Australian Prime Minister Julia Gillard called a leadership vote after party rivals urged her to step aside in an attempt to stave off defeat in the national elections six month from now.
However, former prime minister Kevin Rudd ruled out a challenge to incumbent Gillard in the vote for the leadership of the Labor Party on Thursday.
Rudd, who was rolled by Gillard in 2010, said he gave his word a year ago that he would not challenge again, and that he would only return to the leadership if drafted with the overwhelming support of the Labor Party.
However, he said, those circumstances did not exist at present.
'Take your best shot'
Gillard's decision to call for the snap vote came after senior cabinet minister Simon Crean openly called for the move with Gillard lagging badly in opinion polls and rampant leadership speculation.
"I have determined that there will be a ballot for the leadership at 4:30pm (0530 GMT) today. In the meantime, take your best shot," she told parliament.
She added that the vote of Labor parliamentarians would also be for the deputy leadership.
Just minutes prior to the vote, former prime minister Rudd, who was brutally ousted by Gillard in mid-2010, said he was not running against Gillard.
He resigned as foreign minister and challenged Gillard for the leadership in February 2012, but lost 71-31 and has since repeatedly pledged not to do so again.
Crean, another former Labor leader and a party elder, cranked up the pressure on Gillard earlier in the day, siding with Rudd and saying the "stalemate has to end" to prevent the party from imploding.
"Something needs to be done to break this deadlock, to resolve the issue once and for all," he told reporters in a second hastily-called press conference of the day in Canberra.
"I am asking her to call a spill (vote) of all leadership positions."
Crean, who warned the leadership speculation was "killing" the party, said he would stand for the deputy leader role, currently held by Wayne Swan.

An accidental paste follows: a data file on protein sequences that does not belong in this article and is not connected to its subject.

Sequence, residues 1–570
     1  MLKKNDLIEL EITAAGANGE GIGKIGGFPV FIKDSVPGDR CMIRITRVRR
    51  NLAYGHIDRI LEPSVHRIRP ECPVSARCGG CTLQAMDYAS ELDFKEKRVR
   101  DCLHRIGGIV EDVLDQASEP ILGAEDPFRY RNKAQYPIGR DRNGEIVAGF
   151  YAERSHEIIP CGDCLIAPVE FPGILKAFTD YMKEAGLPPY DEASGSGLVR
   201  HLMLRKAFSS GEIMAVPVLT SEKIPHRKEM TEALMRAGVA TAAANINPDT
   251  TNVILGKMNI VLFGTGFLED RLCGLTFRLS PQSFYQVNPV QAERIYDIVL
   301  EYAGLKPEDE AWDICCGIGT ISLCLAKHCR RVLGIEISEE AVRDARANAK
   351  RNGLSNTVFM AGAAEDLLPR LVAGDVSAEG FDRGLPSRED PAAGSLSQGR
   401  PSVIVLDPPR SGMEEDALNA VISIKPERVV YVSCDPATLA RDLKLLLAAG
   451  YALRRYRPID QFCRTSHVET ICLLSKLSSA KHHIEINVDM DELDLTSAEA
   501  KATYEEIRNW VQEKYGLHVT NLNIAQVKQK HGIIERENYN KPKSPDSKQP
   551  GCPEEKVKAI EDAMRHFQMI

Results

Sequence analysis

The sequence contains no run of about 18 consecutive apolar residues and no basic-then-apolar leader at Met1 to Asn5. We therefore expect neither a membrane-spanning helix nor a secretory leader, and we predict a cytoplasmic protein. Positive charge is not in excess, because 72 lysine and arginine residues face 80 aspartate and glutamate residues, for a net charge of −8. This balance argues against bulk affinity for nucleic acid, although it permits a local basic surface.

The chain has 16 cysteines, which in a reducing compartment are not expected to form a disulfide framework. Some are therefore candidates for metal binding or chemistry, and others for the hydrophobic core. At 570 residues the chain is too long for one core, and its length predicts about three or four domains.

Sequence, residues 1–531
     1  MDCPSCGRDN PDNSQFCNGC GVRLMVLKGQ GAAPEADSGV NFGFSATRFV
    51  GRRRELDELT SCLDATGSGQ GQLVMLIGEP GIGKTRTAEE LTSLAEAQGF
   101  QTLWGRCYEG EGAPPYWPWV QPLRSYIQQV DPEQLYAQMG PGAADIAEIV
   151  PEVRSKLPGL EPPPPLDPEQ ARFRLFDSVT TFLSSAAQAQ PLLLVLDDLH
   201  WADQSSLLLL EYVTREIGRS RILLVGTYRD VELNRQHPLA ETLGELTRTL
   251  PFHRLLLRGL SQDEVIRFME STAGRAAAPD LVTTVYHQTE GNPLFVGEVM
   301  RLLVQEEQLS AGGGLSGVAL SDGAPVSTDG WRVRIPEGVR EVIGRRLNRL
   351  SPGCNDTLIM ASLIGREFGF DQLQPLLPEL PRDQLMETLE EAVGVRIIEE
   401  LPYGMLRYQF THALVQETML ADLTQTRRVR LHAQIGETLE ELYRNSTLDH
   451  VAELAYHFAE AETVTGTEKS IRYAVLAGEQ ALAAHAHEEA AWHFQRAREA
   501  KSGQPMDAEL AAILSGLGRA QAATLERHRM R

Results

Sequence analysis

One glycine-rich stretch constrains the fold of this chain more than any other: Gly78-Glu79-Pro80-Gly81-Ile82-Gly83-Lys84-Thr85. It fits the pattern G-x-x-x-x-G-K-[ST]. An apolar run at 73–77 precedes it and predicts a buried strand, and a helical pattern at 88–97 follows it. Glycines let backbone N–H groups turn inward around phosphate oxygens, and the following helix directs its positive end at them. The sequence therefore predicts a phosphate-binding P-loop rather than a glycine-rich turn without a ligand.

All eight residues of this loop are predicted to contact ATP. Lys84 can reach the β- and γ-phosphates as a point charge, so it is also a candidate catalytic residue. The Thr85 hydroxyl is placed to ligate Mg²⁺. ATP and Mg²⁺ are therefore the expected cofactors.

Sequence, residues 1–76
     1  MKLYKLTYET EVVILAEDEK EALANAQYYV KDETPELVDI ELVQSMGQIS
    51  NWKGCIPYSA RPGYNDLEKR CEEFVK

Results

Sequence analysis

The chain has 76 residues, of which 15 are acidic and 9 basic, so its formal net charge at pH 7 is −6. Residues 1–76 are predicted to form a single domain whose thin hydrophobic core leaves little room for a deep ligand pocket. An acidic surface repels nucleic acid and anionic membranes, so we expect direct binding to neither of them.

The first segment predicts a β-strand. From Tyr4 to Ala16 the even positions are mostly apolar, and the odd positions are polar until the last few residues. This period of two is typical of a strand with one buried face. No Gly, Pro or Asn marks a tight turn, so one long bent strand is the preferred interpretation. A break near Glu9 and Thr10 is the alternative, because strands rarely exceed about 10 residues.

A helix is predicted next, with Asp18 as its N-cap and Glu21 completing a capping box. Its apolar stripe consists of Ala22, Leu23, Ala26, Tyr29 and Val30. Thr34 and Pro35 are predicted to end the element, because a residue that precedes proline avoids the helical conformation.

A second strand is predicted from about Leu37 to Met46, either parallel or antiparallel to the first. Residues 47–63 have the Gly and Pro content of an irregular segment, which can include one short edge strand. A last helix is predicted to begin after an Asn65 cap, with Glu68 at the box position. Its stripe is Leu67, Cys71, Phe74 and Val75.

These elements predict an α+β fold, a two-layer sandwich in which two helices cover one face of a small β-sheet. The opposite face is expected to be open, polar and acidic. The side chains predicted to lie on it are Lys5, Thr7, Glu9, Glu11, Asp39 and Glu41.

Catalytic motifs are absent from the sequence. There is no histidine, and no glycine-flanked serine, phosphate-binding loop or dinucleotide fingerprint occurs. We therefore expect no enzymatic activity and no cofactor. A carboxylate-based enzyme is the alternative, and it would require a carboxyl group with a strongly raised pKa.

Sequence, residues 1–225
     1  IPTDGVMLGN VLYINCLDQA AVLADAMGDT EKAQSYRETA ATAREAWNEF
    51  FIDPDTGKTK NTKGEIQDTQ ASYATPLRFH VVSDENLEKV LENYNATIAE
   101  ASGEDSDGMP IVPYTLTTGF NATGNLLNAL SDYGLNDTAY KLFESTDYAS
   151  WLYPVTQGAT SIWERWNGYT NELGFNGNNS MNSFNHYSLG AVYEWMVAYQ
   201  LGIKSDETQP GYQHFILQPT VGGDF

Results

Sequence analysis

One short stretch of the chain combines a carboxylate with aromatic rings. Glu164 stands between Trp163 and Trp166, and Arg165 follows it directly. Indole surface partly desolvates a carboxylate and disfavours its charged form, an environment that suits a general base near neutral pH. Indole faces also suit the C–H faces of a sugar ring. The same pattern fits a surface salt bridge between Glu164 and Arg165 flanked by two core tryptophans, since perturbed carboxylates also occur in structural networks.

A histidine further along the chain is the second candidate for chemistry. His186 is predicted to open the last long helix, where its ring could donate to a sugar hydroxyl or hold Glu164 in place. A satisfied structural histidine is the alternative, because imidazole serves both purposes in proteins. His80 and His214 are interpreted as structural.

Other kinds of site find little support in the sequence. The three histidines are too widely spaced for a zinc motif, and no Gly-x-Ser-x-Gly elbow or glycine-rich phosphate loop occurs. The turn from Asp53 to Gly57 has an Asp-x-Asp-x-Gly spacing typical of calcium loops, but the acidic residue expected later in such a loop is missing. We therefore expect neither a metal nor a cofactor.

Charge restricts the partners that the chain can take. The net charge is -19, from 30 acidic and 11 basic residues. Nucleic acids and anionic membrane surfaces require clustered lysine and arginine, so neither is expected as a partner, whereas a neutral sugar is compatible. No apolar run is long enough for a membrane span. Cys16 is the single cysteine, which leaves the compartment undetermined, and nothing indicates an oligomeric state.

Crean met with Gillard on Wednesday evening and again on Thursday to inform her of his decision, and said if she won the ballot he would resign.
Asked if she could win the election, Crean said: "The Labor party can win the election."
'No more games'
While Rudd has repeatedly pledged not to make another attempt on the leadership his supporters have been campaigning behind the scenes and Crean said he must declare his intentions.
"He has got no option but to run," Crean said.
"I don't want any more games, I'm sick to death of it, it's about time he stood up and instead of having his camp leak things, actually have the courage of his conviction and his belief.”
Gillard has been dogged by the speculation for weeks, with rumours fuelled by a government decision to try and introduce media reforms which the industry has united to fiercely oppose.
Reports said the government was expected to withdraw its media reform bills from parliament on Thursday in what would be a crushing failure for Gillard.
Some ministers have stressed their loyalty to her, but reports have said any leadership vote between the two would be tight.
Gillard became prime minister in mid 2010 when she ousted Rudd, who at the time had lost the support of powerful factional leaders.
She called an election which she failed to win outright from the surprised public, gaining power only after cobbling together a coalition with a Greens MP and several rural independents to form a majority in the lower house.